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Sparticans Hold Match Teas Cooking Challenge

25th January 2021

By Simon Fitch & the Sparticans squad

The Sparticans’ first victory of the year came, rather unexpectedly, in the kitchen rather than on the pitch as no fewer than 15 of the squad answered curator-in-chief Fitchy in his challenge to prepare a dish in honour of the Surbiton kitchen, whose match teas we so miss.

Most of the team woke up to find the first entry already submitted, by original Spartican Chris down under (as per the photo, they have sun there!) – Chris’s crustacean cornucopia set a high bar, which team members young and old reached and exceeded in our cooking competition.

Dish after dish was submitted, taking into account a wide range of tea times, and sent to our esteemed judges for their assessment on two grounds – 1) hockey tea-ability i.e. would you want this after a game, and 2) overall attractiveness. We are particularly grateful to the team behind @hockeymatchteas – one of our favourite twitter feeds, Ann – SHC Supremo, and our own Gaffer, Richard Curtis for taking the time to mark entries which ranged from the simple but effective (a fully loaded baked potato drizzled in HP sauce) to the altogether more extravagant – Scottish salmon marinated in garlic, ginger and lemongrass, roasted on a bed of sweet potato dauphinoise, infused with Kaffir Lime leaves and finished with a coconut milk, red chili and coriander jus. Truly, the team interpreted their brief in differing ways, including a dessert and cheese course…

A number of entries were deemed worthy of particular mention, including:

  • Best International Entry – the aforementioned Chris Baker
  • Best eating equipment – Andrew Bell’s chopsticks
  • Dessert Delight – Lee Creaser’s bread and butter pudding, mixed with panettone
  • Most colourful description – Matthew Anderson (see above) and Mike Street (see below)
  • Most realistic incarnation of an away tea – Adam Langford’s cheese and biscuits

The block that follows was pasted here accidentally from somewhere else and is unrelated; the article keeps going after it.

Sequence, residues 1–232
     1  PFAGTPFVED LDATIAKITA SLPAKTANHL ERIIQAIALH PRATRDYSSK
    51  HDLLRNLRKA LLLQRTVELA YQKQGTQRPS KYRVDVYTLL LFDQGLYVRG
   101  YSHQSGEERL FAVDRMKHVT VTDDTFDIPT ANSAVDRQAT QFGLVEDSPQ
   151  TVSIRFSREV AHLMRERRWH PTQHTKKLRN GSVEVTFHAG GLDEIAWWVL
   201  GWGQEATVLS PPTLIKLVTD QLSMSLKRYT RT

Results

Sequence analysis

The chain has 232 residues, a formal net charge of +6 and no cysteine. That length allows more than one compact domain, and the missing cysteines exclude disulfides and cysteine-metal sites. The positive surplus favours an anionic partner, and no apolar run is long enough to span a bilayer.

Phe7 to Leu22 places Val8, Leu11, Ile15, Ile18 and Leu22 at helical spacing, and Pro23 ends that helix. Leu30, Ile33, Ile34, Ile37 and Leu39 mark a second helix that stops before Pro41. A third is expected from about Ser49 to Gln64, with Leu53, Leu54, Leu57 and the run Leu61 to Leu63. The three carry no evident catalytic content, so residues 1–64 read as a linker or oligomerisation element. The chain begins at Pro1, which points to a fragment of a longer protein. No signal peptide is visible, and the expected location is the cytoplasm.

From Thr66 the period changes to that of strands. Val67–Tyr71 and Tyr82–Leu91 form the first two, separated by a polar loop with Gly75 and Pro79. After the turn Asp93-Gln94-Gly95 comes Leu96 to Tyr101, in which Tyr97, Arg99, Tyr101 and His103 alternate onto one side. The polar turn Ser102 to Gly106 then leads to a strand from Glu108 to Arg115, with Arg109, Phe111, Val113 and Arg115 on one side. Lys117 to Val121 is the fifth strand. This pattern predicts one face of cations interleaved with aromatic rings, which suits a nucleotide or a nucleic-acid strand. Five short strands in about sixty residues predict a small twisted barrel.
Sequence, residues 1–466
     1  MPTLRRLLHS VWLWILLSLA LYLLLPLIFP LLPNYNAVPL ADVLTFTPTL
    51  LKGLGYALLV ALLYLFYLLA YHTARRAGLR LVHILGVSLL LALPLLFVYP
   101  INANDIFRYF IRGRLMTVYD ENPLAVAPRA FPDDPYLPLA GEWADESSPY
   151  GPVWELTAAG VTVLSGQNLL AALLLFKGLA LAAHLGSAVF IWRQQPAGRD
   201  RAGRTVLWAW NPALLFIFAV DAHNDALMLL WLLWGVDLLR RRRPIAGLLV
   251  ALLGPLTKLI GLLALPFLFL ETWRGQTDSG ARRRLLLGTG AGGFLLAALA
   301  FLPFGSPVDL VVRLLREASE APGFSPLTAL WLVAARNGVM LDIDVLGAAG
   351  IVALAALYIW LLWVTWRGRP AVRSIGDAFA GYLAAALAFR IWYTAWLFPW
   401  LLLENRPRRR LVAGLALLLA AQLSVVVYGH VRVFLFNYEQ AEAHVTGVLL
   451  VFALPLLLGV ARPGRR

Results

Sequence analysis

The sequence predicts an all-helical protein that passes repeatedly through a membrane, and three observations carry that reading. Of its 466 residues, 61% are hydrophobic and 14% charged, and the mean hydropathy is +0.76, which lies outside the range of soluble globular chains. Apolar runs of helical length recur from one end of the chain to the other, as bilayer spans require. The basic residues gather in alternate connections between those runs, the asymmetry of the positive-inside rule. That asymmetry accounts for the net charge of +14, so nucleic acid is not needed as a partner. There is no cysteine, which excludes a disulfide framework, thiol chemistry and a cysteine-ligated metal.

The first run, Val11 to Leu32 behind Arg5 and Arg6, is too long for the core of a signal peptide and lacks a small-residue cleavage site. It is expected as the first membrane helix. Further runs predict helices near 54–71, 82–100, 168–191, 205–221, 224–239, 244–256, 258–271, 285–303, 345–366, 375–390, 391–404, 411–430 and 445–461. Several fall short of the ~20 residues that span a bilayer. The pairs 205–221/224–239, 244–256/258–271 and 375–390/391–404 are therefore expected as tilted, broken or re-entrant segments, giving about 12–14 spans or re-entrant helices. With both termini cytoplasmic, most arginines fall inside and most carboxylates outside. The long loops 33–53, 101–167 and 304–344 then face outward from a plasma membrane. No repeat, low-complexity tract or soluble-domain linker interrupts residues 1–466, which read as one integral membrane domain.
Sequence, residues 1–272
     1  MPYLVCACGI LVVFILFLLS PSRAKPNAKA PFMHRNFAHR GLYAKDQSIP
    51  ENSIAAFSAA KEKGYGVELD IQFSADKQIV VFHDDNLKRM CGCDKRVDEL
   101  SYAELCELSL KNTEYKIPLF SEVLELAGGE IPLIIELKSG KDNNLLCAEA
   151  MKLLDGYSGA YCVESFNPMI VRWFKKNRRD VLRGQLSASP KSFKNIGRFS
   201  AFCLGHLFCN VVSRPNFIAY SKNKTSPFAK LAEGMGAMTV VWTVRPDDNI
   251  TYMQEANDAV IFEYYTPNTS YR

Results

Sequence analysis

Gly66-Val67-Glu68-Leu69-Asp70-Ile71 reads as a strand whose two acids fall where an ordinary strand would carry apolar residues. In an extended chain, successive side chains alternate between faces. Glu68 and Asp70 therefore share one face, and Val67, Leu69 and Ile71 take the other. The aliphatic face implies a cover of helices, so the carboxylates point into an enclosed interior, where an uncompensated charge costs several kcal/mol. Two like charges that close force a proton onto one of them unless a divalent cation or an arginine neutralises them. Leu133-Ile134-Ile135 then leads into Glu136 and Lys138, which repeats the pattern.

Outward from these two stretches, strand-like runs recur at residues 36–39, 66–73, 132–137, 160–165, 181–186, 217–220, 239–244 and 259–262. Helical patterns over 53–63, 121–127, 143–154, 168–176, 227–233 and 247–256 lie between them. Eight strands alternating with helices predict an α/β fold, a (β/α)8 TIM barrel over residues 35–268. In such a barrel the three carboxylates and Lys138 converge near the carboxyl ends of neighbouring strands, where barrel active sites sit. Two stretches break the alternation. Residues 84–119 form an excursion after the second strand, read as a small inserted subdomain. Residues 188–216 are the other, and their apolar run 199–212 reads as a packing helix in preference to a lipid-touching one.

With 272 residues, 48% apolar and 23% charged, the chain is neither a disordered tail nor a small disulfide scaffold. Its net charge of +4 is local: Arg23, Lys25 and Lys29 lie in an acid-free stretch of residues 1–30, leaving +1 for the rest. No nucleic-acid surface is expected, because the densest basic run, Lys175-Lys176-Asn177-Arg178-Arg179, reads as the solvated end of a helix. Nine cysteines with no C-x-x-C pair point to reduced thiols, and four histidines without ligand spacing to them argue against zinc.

• Most aspirational – Kevin Grant’s steak

In the final reckoning, Oliver Fitch was awarded the Young Masterchef prize for his delicious salmon pad thai, with the team relieved that he had inherited yet more from his mother not father.  Overall third prize was awarded to Steve Iffland for his chorizo infused bangers, chunky wedges, grilled peppers with a garnish of petit pois (and a castle lager).

And in dramatic scenes, first prize was shared. Mike Street won overall attractiveness (of the dish, to be clear) for his Pan seared medium rare rump steak, with a cajun spiced dry rub, diced iberico chorizo, on a bed of long stem borroli, kale and peas cooked with minted butter and seasoned to finish. Check out the recipe below!

And finally, James Warren also won first prize, and hockey tea-ability for his sumptuous Pork Pibil Nachos.  As a final touch, Ann has confirmed that some point in the future, this dish will inspire one of the club’s delicious match teas, so you’ve not seen the last of James’s nachos.

Thanks to all who participated – the Sparticans look forward to seeing other teams’ challenges to our new crown as culinary champions at Surbiton HC…

Recipe: Pan seared medium rare rump steak with a Cajun spiced dry rub, diced iberico chorizo, on a bed of long stem broccoli, kale and peas cooked with minted butter

Ingredients for 2 people:

  • 400g rump steak stripes
  • 160g of diced chorizo 
  • Cajun dry rub (Waitrose do a good one)
  • Long stem broccoli 
  • Kale
  • Peas
  • Mint leaf
  • Butter 
  • Salt pepper


  1. Season the steak and rub in the Cajun spices, just so it’s covered
  2. Pour a small amount of olive oil over the meat 
  3. Heat the pan until it’s smoking, and then throw in the steak and chorizo. Should only need 5-7 mins for medium rare
  4. Boil a pan of water and steam the kale and broccoli. After 4 mins, put the peas in the water to cook
  5. Chop the mint leaf and melt some butter in a pan and mix in the mint leaf 
  6. Once all the veg is cooked, pour over the butter and mix in 
  7. Plate up the veg, then put the steak and chorizo on top, making sure to drizzle the oil from the pan over the top